Archive for the 'cognitive architecture' Category


New paper on inference/action-selection – comments welcome

This is a paper I wrote for ICFDG that takes some work from my previous life as a roboticist and applies it to Twig (the procedural animation system I’ve been working on).  However, it’s situated in a tradition that the games community, and even the present-day AI community isn’t very familiar with, so much of the paper is an attempt to survey and explain the literature on using combinational logic for inference – why you’d want to do it, why it’s limited, and what you can do to overcome some of the limitations.  And even then, I’m worried that it won’t be transparent to the reader; not because it’s technically difficult, but just because the motivations won’t be clear.  Anyhow, any advice would be welcome.


fall symposium talk slides

Here are the slides from my position paper at the AAAI Fall Symposium on Naturally Inspired Artificial Intelligence.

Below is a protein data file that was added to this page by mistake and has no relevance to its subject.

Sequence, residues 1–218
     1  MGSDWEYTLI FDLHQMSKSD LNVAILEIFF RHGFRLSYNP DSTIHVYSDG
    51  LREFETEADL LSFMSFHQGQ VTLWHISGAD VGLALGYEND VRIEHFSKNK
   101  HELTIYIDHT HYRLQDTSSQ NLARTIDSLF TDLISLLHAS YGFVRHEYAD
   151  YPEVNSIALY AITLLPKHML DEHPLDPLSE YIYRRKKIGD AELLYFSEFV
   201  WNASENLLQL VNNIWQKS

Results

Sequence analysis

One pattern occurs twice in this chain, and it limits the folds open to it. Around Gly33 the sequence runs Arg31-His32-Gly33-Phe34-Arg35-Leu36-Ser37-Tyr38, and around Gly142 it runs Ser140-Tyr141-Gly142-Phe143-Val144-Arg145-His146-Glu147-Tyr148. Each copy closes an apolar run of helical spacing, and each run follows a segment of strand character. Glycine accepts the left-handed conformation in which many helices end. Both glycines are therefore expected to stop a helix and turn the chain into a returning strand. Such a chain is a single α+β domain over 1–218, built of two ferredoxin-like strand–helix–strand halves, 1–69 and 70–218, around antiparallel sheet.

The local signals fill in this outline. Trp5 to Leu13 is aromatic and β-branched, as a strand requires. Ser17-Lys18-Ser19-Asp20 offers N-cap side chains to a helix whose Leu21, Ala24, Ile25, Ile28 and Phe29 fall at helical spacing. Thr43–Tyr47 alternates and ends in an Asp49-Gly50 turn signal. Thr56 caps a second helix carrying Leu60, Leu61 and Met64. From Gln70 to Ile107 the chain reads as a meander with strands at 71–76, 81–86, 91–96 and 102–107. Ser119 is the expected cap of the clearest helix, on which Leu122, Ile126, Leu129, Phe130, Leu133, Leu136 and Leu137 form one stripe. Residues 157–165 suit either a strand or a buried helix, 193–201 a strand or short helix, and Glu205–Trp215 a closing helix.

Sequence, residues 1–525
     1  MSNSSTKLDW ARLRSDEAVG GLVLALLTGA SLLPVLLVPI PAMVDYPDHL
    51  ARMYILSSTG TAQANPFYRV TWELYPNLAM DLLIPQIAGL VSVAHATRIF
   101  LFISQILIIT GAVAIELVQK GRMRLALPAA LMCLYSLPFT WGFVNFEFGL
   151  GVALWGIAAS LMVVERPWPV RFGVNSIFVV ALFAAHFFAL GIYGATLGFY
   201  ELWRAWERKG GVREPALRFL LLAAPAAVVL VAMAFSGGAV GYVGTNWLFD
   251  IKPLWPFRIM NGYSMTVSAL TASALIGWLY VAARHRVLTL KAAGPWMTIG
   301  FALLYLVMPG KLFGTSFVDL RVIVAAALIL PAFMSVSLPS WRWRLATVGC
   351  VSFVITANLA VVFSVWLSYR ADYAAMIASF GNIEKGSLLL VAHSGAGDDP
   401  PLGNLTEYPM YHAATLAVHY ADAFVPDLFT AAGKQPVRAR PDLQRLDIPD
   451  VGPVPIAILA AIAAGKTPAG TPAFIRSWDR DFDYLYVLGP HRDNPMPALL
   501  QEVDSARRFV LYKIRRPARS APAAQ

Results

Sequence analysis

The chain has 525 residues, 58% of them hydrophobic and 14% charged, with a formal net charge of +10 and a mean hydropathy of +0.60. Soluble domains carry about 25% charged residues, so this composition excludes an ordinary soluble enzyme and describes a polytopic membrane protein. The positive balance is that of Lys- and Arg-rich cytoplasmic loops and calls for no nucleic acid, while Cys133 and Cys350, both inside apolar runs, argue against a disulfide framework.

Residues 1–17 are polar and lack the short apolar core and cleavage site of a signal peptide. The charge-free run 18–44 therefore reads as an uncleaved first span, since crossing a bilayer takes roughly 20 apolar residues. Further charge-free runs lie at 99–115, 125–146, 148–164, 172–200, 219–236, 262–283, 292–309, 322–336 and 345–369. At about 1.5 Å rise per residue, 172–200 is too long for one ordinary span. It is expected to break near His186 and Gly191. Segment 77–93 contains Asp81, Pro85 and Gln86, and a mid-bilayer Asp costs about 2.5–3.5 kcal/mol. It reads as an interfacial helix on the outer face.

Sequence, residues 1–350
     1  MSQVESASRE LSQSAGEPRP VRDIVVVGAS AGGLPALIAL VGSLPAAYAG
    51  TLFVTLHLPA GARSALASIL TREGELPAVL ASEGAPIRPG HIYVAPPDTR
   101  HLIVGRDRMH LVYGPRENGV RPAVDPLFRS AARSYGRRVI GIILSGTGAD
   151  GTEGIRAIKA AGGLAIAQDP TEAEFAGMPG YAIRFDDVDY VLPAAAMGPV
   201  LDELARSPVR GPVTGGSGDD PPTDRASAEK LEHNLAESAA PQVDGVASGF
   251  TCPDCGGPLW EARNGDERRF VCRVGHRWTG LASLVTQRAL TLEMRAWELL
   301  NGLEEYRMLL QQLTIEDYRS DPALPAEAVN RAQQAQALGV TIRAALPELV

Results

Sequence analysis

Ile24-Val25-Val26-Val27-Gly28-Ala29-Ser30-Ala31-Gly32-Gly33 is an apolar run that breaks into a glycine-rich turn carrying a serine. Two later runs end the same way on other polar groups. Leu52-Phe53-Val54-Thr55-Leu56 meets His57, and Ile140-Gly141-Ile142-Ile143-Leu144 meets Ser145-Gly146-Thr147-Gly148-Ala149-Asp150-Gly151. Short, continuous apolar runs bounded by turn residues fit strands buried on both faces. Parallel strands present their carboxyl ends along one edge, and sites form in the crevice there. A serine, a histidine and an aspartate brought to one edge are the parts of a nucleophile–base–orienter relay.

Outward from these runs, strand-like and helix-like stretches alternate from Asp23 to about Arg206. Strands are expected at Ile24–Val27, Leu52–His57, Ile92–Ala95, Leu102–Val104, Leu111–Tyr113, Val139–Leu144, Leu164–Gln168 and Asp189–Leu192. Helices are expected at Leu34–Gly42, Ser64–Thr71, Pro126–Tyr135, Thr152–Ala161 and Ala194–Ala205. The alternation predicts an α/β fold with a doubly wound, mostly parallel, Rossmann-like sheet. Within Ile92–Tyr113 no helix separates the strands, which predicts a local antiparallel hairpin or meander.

Another paper

Men are Dogs (and Women too).  This one’s for the AAAI Fall Symposium on Natural Computation.  It’s my latest effort to try to get my intuitions about cognitive architecture onto paper.  There are a bunch of other arguments that I want to fold into it, but it’s already overdue, so they’ll have to wait for the camera ready copy.  Comments and suggestions welcome.


position paper: ai and psychopathology

I’ve just put up the final version of my position paper for the AAAI Symposium on Intelligent Narrative Technologies.  It argues that popular narratives deal at least as much with the ways characters depart from ideal rationality as it deals with actual rational behavior, that we don’t have computational theories of those modes of behavior, and that we could learn a lot by trying to model them.


what is anxiety anyway?